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# Mass Transfer in laminar Flow

## Boundary Layer Flow on a Flat Plate

Consider the flow of a fluid (B) over a thin, flat plate parallel with the
direction of flow of the fluid upstream of the plate, as shown in Figure 3.14
Let the fluid velocity profile upstream of the plate be uniform at a free-
system velocity of uo.
As the fluid passes over the plate, the velocity ux in the direction of flow is
reduced to zero at the wall, which establishes a velocity profile due to drag.
At a certain distance z, normal to and out from the solid surface, the fluid
velocity
is 99% of uo.
This distance, which increases with
increasing distance x from the leading
edge of the plate, is defined as
the velocity boundary-layer thickness,
.
The buildup of this layer, the velocity profile in the layer, and the drag force can be
determined for laminar flow by solving the equations of continuity and motion (Navier-
Stokes equations) for the x-direction.

For a Newtonian fluid of constant density and viscosity, in the absence of pressure
gradients in the x- and y- (normal to the xzplane) directions, these equations for
the region of the boundary layer are:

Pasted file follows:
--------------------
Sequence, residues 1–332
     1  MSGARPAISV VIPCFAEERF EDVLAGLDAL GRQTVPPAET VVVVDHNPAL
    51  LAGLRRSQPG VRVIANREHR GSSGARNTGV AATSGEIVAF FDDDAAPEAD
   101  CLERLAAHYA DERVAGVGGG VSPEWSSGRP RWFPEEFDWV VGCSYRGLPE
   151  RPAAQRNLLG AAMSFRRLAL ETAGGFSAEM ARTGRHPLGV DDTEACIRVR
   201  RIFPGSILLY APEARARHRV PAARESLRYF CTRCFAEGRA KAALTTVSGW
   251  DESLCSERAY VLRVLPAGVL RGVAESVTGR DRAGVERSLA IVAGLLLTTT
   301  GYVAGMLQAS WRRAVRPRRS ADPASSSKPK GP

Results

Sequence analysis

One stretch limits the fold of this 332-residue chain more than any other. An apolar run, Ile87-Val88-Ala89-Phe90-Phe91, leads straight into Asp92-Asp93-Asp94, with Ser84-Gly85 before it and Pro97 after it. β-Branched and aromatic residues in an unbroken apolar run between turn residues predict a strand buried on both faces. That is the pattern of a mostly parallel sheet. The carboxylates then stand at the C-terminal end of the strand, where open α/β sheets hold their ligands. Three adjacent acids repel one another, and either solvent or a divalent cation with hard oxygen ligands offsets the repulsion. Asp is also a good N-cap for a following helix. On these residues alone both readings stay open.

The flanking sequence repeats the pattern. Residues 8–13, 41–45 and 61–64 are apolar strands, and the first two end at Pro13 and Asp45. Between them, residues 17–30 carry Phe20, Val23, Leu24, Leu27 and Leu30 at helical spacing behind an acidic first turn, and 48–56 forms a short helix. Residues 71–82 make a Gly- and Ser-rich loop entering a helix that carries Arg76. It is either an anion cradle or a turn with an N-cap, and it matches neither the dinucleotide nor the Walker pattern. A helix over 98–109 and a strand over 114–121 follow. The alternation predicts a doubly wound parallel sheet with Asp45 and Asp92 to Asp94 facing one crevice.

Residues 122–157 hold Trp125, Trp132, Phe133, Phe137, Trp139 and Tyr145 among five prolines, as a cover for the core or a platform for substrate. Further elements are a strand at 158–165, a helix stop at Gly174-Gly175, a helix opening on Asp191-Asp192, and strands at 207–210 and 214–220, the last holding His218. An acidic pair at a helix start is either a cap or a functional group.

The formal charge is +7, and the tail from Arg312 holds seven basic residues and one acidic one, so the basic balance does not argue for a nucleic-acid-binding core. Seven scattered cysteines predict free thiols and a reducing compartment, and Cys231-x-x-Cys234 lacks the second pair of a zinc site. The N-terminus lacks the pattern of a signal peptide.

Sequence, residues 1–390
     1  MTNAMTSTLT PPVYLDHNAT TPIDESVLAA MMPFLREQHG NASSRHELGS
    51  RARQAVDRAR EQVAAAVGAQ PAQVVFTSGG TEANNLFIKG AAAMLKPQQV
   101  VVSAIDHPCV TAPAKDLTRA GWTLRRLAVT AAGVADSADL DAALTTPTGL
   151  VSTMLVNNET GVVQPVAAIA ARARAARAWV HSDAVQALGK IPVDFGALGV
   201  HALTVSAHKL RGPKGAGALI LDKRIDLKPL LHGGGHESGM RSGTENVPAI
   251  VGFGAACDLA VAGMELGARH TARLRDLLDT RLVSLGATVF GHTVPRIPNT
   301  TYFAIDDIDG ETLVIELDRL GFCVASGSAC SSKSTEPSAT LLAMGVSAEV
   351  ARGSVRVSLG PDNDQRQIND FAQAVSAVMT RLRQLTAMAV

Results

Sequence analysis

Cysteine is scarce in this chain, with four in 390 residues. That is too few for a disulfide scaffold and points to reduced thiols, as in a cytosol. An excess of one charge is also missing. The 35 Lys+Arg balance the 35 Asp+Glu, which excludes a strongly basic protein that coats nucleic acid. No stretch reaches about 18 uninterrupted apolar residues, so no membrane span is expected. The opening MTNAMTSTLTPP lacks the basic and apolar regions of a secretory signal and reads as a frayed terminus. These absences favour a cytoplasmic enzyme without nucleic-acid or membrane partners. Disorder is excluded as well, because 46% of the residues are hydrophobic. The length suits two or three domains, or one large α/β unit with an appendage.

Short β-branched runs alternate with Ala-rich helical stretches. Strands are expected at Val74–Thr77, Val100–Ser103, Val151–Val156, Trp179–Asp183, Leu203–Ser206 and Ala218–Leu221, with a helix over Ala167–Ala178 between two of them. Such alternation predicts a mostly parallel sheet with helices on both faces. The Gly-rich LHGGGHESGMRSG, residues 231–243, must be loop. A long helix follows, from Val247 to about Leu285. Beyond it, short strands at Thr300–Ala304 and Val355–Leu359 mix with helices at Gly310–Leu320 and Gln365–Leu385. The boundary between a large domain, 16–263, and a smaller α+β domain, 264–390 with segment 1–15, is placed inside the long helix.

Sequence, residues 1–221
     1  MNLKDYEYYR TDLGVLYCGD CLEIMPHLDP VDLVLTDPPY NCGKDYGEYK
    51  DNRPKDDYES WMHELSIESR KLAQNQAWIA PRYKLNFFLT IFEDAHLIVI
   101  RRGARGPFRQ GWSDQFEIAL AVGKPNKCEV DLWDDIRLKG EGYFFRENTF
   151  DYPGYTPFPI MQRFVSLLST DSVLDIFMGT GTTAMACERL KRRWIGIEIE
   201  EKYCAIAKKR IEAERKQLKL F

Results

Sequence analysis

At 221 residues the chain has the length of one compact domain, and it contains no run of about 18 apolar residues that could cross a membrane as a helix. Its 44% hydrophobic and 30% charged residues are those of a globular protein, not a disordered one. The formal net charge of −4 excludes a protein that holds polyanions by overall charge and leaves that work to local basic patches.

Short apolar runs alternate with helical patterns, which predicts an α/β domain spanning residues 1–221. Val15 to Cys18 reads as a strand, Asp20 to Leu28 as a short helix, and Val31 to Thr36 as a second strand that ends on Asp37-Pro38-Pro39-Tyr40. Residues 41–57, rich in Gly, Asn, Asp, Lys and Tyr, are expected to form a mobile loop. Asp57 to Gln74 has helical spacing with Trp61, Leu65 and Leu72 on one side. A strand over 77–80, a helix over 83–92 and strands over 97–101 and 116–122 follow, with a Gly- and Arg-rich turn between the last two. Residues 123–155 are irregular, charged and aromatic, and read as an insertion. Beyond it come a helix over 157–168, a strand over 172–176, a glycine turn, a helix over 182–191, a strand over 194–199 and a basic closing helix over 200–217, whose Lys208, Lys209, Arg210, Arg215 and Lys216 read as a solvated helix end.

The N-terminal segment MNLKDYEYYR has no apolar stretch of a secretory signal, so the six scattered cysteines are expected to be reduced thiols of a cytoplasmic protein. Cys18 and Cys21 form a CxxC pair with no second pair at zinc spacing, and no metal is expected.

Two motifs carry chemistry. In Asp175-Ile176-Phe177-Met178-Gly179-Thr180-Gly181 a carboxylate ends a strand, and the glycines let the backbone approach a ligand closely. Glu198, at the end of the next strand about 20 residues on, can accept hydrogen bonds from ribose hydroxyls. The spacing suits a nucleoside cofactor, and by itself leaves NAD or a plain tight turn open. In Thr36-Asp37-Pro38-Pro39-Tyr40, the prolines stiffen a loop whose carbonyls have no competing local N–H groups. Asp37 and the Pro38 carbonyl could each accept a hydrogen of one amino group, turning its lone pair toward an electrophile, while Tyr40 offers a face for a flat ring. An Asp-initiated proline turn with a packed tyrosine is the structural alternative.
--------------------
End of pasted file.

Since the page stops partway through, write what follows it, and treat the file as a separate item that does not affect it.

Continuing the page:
The result in terms of a local friction factor, fx, a local shear stress at the wall,
w, and a local drag coefficient at the wall, CDx, is

Thus, the drag is greatest at the leading edge of the plate, where the Reynolds
number is smallest. Average values of the drag coefficient are obtained by
integrating (3-126) from X=0to L, giving
Mass Transfer in laminar Flow

## Fully Developed Flow in a Straight , Circular tube

Figure 3.15 shows the formation and buildup of a laminar velocity boundary layer when a
fluid flows from a vessel into with a straight, circular tube.

At the entrance, plane a, the velocity profile is flat. A velocity boundary layer then begins to
build up as shown at planes b, c, and d. In this region, the central core outside
the boundary layer has a flat velocity profile where the flow is accelerated
over the entrance velocity.
Finally, at plane e, the boundary layer fills the tube. From here the velocity profile is fixed and the
flow is said to be fully developed. The distance from the plane a to plane e is the entry region.
For fully developed laminar flow in a straight, circular tube, by experiment, the Reynolds number,

2,100. For this condition, the equation of motion in the axial direction for horizontal flow and constant
properties is